Bill Kinley was a gentle giant with a very big heart. He gave 110 percent of his time and energy to any project he undertook. More importantly, he imparted his kindness, compassion, wisdom, and friendship to the many individuals and organizations he encountered throughout his lifetime.
That fondness carried over to his involvement with Wheat Ridge Ministries, where he served as a board member from 1976 to 1984. When Bill passed away in June 2016, he remembered Wheat Ridge in his estate, generously leaving a substantial stamp collection. The collection was auctioned off and the proceeds, which totaled over $500,000, benefitted the work of Wheat Ridge.
“He had a special place in his heart for Wheat Ridge,” says a protégé and longtime friend, Shane. “He talked about how he would travel back and forth to the Wheat Ridge board meetings quite a bit. He was proud that a small town boy could achieve so much. Yet he was very humbled by the experience.”
Of Bill’s enormous stamp collection, Shane recalls with a chuckle, “It was a compilation of helping people. He was involved in a stamp club for many years. As older club members died, he would buy out their collections, mostly to help the families out. He ended up with a massive collection.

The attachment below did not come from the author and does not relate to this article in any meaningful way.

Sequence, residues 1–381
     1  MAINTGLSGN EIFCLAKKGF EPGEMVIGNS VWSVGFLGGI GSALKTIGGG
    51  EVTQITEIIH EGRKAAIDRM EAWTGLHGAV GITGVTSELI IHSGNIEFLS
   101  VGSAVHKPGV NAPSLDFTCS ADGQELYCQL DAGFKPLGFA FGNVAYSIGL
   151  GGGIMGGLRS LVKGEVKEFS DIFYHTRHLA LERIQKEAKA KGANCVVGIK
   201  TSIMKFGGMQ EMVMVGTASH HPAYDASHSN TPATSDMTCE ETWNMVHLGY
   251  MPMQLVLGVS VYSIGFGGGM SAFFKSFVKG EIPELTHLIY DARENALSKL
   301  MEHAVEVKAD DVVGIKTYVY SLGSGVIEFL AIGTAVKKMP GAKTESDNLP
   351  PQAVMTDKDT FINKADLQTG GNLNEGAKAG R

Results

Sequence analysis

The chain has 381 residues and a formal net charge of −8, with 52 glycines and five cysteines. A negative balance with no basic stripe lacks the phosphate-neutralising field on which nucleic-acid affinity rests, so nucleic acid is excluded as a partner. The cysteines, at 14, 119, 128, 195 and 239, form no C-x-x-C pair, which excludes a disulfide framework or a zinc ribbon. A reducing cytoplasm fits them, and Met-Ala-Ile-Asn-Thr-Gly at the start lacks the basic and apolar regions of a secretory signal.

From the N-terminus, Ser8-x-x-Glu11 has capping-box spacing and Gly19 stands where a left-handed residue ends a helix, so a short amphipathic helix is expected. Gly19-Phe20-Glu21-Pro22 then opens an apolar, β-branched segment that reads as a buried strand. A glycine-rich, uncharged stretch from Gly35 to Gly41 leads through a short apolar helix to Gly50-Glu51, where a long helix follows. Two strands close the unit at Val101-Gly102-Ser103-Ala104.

“Bill never did anything lightheartedly. He always immersed himself in it,” Shane continues.
Shane met Bill while working at a restaurant in Olean, N.Y., where he was attending community college. Bill came in the restaurant every Friday and bought food to bring to an elderly woman he looked after.
“He took an interest in my future and what my plans were,” Shane recalls. “We shared a lot of interest in investments and markets. He took me, a complete stranger, under his wing.”
As time passed, they came to think of each other as family. After Shane married and had his own family, Bill became known to Shane’s daughters as “Grandpa.”
“Bill was such a loving person. No matter how busy he was, he always found time for the girls and me,” says Shane’s wife, Jacque.
Through Bill, the couple learned how he came to be involved in Wheat Ridge Ministries. Many years ago, Wheat Ridge convened a group of relatively young people in their 30s for a project known as the Ebenezer Thankoffering, which groomed them for future leadership positions in the church.
“Faith was a very important part of Bill’s life,” says Shane. “We had many lengthy conversations about life, religion, how to conduct yourself and be a moral person, a standard for other people. One of the key tenets he passed on to me was that it’s not about what you say; it’s about quiet things you do that matter.”
Wheat Ridge Ministries is deeply grateful for the generous support of people like Bill Kinley and donors like you who make our work possible.
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